I go back 20 years as the Hardware Manager at Builders Square.
Back then Milwaukee was the best among those who “knew”, but DeWalt was “sexier” because of the yellow color.
Makita was next in terms of quality i.e. contractor worthy but cheap, then Ryobi and Skill as a high end homeowner tool, and yeah the Black and Deckers were considered shit.
I think we might have also sold Bosch and Porter Cable, as well as a third new drill company that was light blue and began with a “P” but cant remember who. They were all also-rans hoping to pick up customers through various marketplace niches.
I do remember back then the pissing match was over how many “volts” a cordless drill could offer. There was 12.2v, then 14.4v was the Gold Standard, then I think Dewalt came out with an 18.8v and if you were a lower end company and could come out with a 14.4 or 18.8 but cheaper it would impress customers, through IIRC it was torque, not just voltage, that was a true measure of a drill’s ability.
My favorite story is Makita held a contest where the BS that sold the most of their power tools in the country won a pair of Super Bowl tickets plus about $1500 cash and we won, my top sales guy took the tix and the rest of us split the money.
Part of me misses those days!
I have been a electrician since 1983. Both residential and commercial. I have used Pretty much every brand out there, and there one thing that is for sure, there isn’t just one make/brand of tools that does it all. Depending on the type of work your doing, one brand can be many times better, and even more so when it come to type of tool… you can buy. Granted, I haven’t bought a new drill since 2003… because I haven’t need to! The 18V cordless I have still kicks the as, er rear end of any brand i have seen on jobsites. True, I have gone through 3 or 4 batteries in 13 yrs. But I can drill 2" holes in 16 gauge metal all day long and not run down the batt. BUT, I need to ad that the Dewalt 18v drills that are sold at home depot, are not the same drills you can buy else where. They are…well built a lot cheaper.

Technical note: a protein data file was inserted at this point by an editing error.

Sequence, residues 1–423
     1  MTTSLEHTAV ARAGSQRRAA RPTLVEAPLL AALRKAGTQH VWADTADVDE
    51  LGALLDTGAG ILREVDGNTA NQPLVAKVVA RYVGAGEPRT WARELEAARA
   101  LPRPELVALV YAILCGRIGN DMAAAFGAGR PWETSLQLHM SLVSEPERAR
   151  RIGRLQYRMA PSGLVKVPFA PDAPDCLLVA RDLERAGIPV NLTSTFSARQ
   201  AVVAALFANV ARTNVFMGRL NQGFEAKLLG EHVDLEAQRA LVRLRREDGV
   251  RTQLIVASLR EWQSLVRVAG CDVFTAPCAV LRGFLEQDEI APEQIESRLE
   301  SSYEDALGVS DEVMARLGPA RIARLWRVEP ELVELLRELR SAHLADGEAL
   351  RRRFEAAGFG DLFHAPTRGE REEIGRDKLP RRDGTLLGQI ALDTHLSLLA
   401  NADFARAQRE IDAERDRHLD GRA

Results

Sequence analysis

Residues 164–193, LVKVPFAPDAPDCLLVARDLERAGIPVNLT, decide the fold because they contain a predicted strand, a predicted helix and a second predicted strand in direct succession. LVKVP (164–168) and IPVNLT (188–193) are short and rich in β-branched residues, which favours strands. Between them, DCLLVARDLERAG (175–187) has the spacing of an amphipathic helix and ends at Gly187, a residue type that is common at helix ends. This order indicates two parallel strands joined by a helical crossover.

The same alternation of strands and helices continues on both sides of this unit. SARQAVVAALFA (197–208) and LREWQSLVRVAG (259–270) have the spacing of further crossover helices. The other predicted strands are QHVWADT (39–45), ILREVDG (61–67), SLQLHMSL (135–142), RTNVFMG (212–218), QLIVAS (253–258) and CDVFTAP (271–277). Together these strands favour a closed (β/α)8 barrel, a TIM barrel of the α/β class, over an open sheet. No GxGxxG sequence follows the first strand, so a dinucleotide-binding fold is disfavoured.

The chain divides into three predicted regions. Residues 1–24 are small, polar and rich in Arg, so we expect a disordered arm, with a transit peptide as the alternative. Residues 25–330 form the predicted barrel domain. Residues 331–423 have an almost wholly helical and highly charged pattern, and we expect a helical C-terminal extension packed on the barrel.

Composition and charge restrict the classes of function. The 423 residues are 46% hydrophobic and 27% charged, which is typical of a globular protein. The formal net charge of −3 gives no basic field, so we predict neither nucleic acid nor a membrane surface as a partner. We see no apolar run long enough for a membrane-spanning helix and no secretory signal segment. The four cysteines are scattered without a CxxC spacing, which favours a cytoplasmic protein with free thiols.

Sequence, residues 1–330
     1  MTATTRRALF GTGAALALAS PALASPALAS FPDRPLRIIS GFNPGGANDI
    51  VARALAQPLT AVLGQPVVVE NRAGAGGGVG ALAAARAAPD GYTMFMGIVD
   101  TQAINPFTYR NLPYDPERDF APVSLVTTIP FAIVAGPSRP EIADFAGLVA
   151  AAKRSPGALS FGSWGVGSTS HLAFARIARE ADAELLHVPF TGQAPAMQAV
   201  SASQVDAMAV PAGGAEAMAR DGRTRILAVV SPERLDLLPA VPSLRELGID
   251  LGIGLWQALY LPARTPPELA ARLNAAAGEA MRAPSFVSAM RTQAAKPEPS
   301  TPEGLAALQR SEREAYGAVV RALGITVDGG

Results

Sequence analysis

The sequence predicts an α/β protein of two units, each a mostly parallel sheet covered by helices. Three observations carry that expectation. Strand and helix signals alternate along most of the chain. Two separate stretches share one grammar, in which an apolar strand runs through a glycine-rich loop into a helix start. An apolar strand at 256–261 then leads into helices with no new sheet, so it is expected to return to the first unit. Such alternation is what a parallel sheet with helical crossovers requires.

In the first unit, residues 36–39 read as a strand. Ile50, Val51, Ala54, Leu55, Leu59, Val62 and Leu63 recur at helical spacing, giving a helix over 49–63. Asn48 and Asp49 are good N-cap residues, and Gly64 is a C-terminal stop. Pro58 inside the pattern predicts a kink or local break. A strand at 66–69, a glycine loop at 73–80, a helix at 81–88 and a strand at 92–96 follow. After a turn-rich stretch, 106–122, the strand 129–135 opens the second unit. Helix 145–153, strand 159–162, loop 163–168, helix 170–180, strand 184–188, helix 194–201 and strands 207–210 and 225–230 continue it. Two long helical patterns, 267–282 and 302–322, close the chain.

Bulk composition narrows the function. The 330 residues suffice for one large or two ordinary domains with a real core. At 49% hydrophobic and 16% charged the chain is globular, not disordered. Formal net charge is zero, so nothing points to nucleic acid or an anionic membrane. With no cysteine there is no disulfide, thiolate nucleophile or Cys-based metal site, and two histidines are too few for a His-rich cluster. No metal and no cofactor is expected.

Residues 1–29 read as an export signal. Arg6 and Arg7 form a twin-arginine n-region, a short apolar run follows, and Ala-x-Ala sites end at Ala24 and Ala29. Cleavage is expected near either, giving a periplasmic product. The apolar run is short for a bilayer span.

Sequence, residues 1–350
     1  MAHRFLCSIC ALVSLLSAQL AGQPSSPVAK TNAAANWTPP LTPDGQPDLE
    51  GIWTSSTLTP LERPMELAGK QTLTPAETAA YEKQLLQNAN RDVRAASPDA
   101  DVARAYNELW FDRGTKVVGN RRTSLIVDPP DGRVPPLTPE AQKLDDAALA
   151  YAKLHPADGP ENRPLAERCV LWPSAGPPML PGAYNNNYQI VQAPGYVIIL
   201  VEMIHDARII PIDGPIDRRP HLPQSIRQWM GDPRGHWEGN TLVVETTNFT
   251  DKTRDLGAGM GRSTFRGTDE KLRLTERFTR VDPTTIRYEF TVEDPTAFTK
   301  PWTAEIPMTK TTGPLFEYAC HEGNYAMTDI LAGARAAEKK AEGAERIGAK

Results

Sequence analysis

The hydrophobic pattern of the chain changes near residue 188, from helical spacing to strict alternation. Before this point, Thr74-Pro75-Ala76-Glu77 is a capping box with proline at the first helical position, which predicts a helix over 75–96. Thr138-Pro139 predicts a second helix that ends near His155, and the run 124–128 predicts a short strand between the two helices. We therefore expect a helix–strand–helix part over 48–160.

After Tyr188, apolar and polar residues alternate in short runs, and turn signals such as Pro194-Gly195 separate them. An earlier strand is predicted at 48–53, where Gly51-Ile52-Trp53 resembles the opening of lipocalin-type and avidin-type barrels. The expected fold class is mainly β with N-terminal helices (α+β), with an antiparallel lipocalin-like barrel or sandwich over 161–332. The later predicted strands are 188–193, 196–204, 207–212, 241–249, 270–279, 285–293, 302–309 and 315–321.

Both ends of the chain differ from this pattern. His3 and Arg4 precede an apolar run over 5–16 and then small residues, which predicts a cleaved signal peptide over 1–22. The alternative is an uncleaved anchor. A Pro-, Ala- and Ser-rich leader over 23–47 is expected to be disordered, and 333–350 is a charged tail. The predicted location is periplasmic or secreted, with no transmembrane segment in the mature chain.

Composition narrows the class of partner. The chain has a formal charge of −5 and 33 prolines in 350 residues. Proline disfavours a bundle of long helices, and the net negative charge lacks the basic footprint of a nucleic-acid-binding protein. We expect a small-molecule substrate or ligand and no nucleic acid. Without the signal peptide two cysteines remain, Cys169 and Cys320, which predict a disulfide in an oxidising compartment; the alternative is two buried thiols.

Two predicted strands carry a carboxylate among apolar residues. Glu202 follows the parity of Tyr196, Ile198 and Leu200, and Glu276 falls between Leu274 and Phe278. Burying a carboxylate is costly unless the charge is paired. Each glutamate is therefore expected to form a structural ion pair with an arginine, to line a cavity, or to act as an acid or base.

Milwaukee makes the best 1/2" right angle elc drill that there is, it’s called a hole-Hawg. Spend 8 or 9 hrs in 115 degree temps, drilling 1" holes in studs with a 18" ship auger with any other brand… it won’t last the day. I get that hole-Hawg so damn hot, I have to wear leather gloves… I can use it like that all summer long, 5 days a week, never have a problem.
When it comes to Sawzalls… it’s Milwaukee again! There just isn’t a better one out there… and I don’t care what anyone says!
When you have 50 to 75 men being paid hourly working jobs… jobs that need to get done right and fast… you sure as hell don’t buy a tool because of it’s price, you buy because it the best damn tool you can buy… for any price!! Think about it, when that cheaper tool breaks and the job stops… everyone waiting for it to be replaced… being paid by the Hr. Perhaps these little contractors buy cheap stuff, but not any big outfit does… and if they did… probably wouldn’t be around that long
Isn’t the hierarchy something like this (at least for portable power tools, and with some overlap with lower-end product ranges, and big-box store variants):
2nd Tier (contractor grade)
Third Tier (homeowner grade)
Black & Decker
Not really, you buy whatever fits the job, works and keeps working and you use it until it breaks and every tool will break eventually regardless. There is no science that says tool A is the best damn tool rather typically the warranty/job to experience ratio would effect choice. It’s like concrete, there’s the kind that’s cracked and the kind that’s gonna crack and when you have multiple guys using it, some “new guy” will likely break it eventually. For you to have formed your opinion then you obviously know that much except your current preferred tool just hasn’t broke yet or been broken by that darn new guy. However that is only your sole experience which may differ from someone else. But that doesn’t explain why a particular brand would be so common amongst such a variety of professions. Consensus here shows Dewalt is not top tier but so far no common bond found for why it would be so common.